Friday in the First Week of Ordinary Time

Acts 2:1-13

Babel Turned Upside-Down

One of the saddest passages of Scriptures comes in Genesis 11:1-9.  There the people of the earth gather, having multiplied for some time after the flood, and are of one language.  God had told them to fill the earth, but they didn’t want to (Genesis 1:22, 28; 9:1, 7).  Instead, they are concerned that they shall be scattered over all the earth, and so fancy that if they only build a tower up to the heavens, then they shall make a name for themselves.  So they begin this grand building project, dedicated to themselves, and God takes notice – as God always does (Job 34:21).  In an act of judgment and mercy, He confuses their language and thus they are scattered over all the earth.  And so they left off building and the place was called Babel.  I say this was a mercy, for if we are as wicked as we have been when we were separated by so many language barriers, well, imagine how wicked we could have been all united in our wickedness!

So the hope of Genesis 12 picks up where the sorrow of Genesis 11 left off with God’s call of Abraham and the whole story of redemption beginning with him and told from there to Revelation 22.  The prophets told of a wonderful time when God would pour out His Spirit on all flesh (Joel 2:28-29).  Well, here it is fulfilled.  And as the Holy Spirit falls like a rushing wind on his people, they begin to speak in other languages, only this time, they are understood.  The day of Pentecost here in Acts 2 turns the Babel of Genesis 11 on its head!  Judgment is now turned to blessing.  The meaning is that the gospel will now go out to all the earth, in all the languages represented by the numerous different peoples gathered that day in Jerusalem.  While man’s sin on that Mesopotamian plain so long ago ended in tragedy, God’s grace and mercy make a way for man to be gathered together again as one family under the dominion, not of Nimrod, but of Christ Jesus.

Amazingly and quite stupidly some onlookers accuse the believers of being filled with new wine, as if inebriation enhances facility with languages.  But in another way, these first Christians were filled with new wine, as hinted by our Lord when he compared the new covenant he was bringing to new wine (Mark 2:22).  These were filled with the Holy Spirit who was doing a new thing, bringing a new reality, bringing the new world into the old world and creating anew his people and gathering them in all their several languages into his one and only Church.  It’s really a picture of heaven: God redeems man from his sin and separation from God, others, and himself, and gathers them all together into one family of unity and love.  As always, God wins.

Author: The Reformed Baptist

My name is Stephen Taylor, ordained Baptist minister of eighteen years pastoral experience with a Ph.D. in Historical Theology from Southwestern Baptist Theological Seminary in Fort Worth, Texas. Better than that, I am married to a godly woman, Karla, who has been very patient with me since 1989. I have two daughters, both of whom I homeschooled for extended periods of time, who became godly young women, and who ran off and married godly young men, all of which is very proper. The oldest daughter has even seen fit to bless me with a grandson and a granddaughter, and my youngest daughter with a grandson, all three of whom are bundles of exceeding joy. As you can see, I am quite blessed. This website is dedicated to helping people grow in the wisdom and knowledge of our Lord Jesus Christ through the gift of writing that the Lord has given to me. It is specifically about helping His people grow in godliness, the theme you see repeated above. I write devotions with this aim and hope that they might be of some help to God’s people. Full disclosure: I am of a Reformed bent, meaning that my understanding of Scripture is primarily informed by the Reformers and their successors of the sixteenth and seventeenth centuries. However, as a student of church history and theology, I strive to remain true to that teaching handed down once for all unto the saints through every age of the Church. I like to think of myself as a “catholic” Christian, as the Reformers thought of themselves. At any rate, feel free to read, pray, and contact me if you wish, or correct me if need be. As you can see, I tend to follow the church year. Of course, I make no special claims about these devotions. I know very well that others have written better and plumbed the depths of God’s word with greater insight. But if my musings help someone draw closer to the Lord, well then, I have my reward. Blessings to you and may the God and Father of our Lord and Savior Jesus Christ speak to you that word which He knows you especially need to hear. Grace & peace, Stephen Taylor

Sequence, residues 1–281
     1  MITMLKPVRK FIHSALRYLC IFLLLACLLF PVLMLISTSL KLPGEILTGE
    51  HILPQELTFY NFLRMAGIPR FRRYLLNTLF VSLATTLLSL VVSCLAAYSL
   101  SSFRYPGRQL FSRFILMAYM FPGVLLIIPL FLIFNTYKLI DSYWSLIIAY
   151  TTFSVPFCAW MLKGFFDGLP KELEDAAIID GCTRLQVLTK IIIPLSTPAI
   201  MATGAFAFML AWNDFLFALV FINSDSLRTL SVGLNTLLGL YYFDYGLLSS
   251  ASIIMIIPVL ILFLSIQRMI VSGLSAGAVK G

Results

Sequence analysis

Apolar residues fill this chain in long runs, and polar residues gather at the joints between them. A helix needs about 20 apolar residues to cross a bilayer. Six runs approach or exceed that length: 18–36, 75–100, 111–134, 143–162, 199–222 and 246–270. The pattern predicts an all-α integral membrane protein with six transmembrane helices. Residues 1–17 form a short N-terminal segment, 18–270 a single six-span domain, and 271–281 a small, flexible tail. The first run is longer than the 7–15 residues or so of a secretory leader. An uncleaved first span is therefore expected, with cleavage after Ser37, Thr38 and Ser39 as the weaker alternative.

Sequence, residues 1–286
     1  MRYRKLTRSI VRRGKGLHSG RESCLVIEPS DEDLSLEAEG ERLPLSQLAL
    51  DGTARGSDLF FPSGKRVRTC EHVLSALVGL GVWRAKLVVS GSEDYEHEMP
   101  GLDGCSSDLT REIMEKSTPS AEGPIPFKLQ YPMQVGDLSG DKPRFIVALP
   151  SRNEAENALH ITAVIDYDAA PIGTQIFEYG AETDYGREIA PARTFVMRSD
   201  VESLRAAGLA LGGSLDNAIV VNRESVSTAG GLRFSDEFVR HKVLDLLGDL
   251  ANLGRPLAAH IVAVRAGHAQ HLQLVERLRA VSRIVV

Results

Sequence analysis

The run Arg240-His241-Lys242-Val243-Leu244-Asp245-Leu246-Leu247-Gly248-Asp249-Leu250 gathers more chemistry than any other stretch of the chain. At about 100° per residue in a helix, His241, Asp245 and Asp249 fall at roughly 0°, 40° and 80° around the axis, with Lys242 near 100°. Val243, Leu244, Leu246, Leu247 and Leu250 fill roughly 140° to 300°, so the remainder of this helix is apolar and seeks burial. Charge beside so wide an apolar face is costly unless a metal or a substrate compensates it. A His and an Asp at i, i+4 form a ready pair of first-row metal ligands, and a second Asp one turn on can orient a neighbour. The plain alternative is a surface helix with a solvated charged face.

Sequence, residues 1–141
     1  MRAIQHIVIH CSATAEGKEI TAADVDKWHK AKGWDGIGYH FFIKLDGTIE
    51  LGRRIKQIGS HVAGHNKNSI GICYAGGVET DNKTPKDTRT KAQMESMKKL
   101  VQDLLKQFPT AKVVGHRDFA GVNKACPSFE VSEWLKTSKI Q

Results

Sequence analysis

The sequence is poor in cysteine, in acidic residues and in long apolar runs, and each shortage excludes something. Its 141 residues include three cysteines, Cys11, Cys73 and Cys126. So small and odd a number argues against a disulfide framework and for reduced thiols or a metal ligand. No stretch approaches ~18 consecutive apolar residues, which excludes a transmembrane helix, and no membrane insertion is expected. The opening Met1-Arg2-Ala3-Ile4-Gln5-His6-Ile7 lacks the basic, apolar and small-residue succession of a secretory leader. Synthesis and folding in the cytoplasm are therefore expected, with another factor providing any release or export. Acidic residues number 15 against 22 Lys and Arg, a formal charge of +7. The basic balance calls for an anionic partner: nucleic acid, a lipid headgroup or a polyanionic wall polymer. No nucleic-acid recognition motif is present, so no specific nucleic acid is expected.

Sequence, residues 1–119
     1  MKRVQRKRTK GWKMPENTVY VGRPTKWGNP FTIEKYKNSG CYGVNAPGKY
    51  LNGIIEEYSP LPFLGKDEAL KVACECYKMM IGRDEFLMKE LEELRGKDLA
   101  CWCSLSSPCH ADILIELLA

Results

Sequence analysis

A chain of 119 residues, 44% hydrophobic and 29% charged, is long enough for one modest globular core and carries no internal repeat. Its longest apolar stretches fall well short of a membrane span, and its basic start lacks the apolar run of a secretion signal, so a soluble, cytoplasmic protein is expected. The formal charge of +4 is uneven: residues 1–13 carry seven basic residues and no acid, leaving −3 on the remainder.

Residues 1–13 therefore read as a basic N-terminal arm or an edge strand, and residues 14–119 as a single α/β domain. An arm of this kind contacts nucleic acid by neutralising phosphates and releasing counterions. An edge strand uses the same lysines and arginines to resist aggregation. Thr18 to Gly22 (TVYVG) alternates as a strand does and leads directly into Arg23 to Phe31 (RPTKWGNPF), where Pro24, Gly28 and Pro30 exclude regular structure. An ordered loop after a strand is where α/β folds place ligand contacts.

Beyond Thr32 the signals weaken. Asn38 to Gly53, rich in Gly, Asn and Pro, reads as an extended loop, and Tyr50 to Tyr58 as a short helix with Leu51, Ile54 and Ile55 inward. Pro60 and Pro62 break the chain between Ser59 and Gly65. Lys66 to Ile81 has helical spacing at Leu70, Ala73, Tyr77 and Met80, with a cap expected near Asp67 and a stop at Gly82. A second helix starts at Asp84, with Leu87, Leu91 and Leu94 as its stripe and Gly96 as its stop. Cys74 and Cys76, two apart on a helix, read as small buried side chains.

2 thoughts on “Friday in the First Week of Ordinary Time”

  1. Stephen, congratulations on your accomplishment of your doctorate. I know that was a goal achieved and big sacrifice by many to make it so. My son is also pursuing his doctorate in Biblical Counseling. He is in a pause period at the moment as they have welcomed baby #6 to their family.

    Thank you for your devotional. I look forward to my time with the Lord every morning.

    Kathy Neuberger

    1. Kathy,
      Thank you very much. Tell your son that I had to take a two year leave of absence because of financial reasons, so not to feel bad. And by the way, we just celebrated the birth of our third grandchild – Felix James.

      Grace & peace,

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